NYT Wants Women to Go to the Gulag for Paid Family Leave
Asserting that we “stereotype” life in the U.S.S.R. (because God knows there’s no proof it was ever really that bad), the New York Times published a piece arguing that women in East Germany had statistically better sex because they were given the government benefit of paid family leave and daycare:
Some might remember that Eastern bloc women enjoyed many rights and privileges unknown in liberal democracies at the time, including major state investments in their education and training, their full incorporation into the labor force, generous maternity leave allowances and guaranteed free child care. But there’s one advantage that has received little attention: Women under Communism enjoyed more sexual pleasure.
How do we know this? A comparative study conducted in the '90s after the fall of the Berlin Wall showed that East German women had more orgasms. That’s right. The government is responsible for a woman’s orgasm, how often she has one and how good it is.
The argument gets even more absurd. Quoting anecdotal evidence at length, the Times’ best explanation for why women living behind the Iron Curtain were supposedly more satisfied comes from a woman who lived there as a single mother. “Sure, some things were bad during that time, but my life was full of romance,” she said. “After my divorce, I had my job and my salary, and I didn’t need a man to support me. I could do as I pleased,” she comments, speaking for single moms everywhere, I’m sure.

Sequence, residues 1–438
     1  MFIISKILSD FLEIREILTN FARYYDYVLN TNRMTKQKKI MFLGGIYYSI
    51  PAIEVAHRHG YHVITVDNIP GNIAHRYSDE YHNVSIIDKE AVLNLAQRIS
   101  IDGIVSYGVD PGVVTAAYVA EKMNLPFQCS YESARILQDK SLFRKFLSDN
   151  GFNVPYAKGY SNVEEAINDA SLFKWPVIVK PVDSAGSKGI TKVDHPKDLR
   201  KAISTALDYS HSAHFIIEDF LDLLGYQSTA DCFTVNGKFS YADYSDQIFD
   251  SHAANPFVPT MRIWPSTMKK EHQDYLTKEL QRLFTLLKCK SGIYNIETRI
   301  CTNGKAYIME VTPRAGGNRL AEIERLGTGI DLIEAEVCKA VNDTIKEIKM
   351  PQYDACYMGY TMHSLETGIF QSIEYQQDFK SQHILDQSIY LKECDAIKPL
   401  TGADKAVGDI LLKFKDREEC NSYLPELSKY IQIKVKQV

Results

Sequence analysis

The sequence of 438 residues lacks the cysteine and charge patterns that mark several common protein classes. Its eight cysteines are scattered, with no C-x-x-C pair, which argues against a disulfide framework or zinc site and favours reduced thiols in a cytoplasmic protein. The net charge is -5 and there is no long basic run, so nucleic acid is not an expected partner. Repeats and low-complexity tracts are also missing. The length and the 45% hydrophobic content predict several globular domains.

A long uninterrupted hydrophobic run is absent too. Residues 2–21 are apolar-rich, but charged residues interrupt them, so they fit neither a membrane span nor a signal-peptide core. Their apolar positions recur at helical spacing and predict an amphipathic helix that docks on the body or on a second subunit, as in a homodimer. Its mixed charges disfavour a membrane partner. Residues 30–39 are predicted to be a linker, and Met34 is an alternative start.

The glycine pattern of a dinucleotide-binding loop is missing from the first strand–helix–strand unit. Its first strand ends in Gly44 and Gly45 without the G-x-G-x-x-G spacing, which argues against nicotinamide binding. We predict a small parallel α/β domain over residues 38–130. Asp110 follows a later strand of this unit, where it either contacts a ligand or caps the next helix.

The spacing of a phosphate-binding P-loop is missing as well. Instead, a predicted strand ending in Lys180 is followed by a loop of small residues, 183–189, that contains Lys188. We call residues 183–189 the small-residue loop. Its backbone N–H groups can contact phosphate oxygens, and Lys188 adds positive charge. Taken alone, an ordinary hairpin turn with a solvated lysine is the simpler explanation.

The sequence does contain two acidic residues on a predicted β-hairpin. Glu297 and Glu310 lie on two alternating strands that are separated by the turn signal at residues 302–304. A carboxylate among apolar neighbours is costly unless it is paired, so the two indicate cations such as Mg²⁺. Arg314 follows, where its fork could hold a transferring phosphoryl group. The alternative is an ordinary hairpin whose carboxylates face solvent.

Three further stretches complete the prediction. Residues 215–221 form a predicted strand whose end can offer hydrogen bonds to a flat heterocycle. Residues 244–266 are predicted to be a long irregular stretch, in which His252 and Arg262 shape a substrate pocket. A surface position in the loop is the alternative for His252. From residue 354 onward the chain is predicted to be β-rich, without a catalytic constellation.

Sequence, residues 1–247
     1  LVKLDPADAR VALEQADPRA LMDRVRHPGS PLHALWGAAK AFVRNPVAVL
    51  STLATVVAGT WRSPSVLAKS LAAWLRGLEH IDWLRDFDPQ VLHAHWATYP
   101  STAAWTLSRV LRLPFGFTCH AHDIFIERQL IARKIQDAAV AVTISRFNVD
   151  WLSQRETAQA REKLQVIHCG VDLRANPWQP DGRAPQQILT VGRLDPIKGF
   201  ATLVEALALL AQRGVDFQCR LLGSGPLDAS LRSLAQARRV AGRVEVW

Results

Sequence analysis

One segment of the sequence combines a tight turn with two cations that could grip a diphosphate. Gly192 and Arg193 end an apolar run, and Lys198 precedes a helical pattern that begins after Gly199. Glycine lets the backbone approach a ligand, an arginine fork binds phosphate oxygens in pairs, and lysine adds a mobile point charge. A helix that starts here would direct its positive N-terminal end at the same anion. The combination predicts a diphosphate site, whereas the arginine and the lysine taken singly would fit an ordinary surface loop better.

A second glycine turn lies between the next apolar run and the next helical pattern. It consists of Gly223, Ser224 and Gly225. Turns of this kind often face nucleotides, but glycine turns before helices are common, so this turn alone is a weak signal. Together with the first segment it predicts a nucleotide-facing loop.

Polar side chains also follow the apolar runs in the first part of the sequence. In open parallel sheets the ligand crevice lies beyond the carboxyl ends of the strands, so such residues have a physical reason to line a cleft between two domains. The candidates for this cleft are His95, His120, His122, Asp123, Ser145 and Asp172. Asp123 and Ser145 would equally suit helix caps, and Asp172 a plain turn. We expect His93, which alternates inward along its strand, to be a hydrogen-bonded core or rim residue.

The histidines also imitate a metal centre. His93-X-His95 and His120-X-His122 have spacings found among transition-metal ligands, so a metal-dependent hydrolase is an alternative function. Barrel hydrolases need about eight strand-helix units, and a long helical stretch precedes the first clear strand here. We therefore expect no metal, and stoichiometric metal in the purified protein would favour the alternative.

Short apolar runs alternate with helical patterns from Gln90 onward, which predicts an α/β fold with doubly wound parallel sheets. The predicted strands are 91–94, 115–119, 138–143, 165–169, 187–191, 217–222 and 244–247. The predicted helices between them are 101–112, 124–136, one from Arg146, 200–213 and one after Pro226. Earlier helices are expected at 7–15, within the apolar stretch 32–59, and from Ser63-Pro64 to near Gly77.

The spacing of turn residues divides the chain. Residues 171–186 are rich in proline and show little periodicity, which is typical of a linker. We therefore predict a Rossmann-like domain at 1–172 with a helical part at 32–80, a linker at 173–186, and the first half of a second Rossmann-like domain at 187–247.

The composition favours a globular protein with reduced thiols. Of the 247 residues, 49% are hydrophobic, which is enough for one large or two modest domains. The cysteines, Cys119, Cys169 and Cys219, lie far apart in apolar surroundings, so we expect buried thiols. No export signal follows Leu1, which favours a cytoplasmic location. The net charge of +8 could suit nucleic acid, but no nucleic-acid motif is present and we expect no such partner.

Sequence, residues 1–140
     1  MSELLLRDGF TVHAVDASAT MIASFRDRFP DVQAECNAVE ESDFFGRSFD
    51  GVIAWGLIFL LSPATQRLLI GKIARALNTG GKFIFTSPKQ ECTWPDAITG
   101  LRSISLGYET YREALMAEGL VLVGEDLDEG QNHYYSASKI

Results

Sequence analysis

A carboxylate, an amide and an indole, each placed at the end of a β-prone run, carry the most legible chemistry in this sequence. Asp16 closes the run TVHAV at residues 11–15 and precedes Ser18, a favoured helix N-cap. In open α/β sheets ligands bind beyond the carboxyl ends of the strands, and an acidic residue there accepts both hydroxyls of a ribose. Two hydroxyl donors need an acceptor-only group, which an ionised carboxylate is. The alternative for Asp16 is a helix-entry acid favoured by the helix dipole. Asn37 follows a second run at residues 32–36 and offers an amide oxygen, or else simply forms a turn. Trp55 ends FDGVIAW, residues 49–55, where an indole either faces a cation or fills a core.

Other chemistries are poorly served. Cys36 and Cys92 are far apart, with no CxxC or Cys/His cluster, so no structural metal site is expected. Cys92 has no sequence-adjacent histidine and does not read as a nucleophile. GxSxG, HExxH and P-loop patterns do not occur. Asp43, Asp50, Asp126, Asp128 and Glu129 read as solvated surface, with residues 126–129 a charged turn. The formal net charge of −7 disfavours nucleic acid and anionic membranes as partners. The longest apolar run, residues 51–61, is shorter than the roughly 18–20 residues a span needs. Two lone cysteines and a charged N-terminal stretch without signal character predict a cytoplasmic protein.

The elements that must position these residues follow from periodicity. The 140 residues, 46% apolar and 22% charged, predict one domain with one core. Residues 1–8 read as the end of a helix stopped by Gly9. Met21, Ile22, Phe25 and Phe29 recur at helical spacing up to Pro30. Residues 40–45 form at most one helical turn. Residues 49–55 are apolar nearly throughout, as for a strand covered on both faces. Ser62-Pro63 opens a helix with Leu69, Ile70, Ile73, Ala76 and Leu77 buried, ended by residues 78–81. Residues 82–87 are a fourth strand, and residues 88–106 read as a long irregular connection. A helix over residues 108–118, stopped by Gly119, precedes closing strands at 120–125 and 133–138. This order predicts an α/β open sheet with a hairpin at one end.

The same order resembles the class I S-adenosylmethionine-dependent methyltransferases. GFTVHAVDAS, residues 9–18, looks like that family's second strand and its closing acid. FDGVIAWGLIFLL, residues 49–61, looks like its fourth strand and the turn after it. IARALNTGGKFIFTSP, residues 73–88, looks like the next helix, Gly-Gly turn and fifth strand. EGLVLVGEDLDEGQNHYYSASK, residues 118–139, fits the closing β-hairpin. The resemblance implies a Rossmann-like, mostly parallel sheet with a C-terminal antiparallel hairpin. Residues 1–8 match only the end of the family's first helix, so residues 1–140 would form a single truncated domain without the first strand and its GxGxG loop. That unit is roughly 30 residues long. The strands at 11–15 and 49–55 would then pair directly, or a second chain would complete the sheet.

Women cited as defending their life under Communism also believe their daughters now living in freedom have it way worse because they work too much. These are women who were forced to put their children in daycare so they could get back to being economically useful. Man, those orgasms must have been mind-blowing in every sense of the term.
Diving into straight propaganda, the Times then notes:
The Soviets extended full suffrage to women in 1917, three years before the United States did. The Bolsheviks also liberalized divorce laws, guaranteed reproductive rights and attempted to socialize domestic labor by investing in public laundries and people’s canteens. Women were mobilized into the labor force and became financially untethered from men.
Nowhere in this piece do they discuss the fact that these legislative moves were designed to weaken families and force citizens to prioritize the needs and desires of the State. Women were forced to work in discriminatory conditions; “equal pay” didn’t exist in the language of Soviet Russia. Women were still expected to perform 100 percent of the domestic duties before and after work, so “gender equality” didn’t exist there, either. The Times never cites its own work covering “The Cruelest Abortion System” in the world, as they described Soviet Russia in 1989. Women forced to use abortion as a form of birth control (men didn’t feel like wearing condoms, the report cites) did so in barbaric and abusive conditions. Women may have been “untethered” from men, only to be tethered to the whims of the State. There is no freedom in that.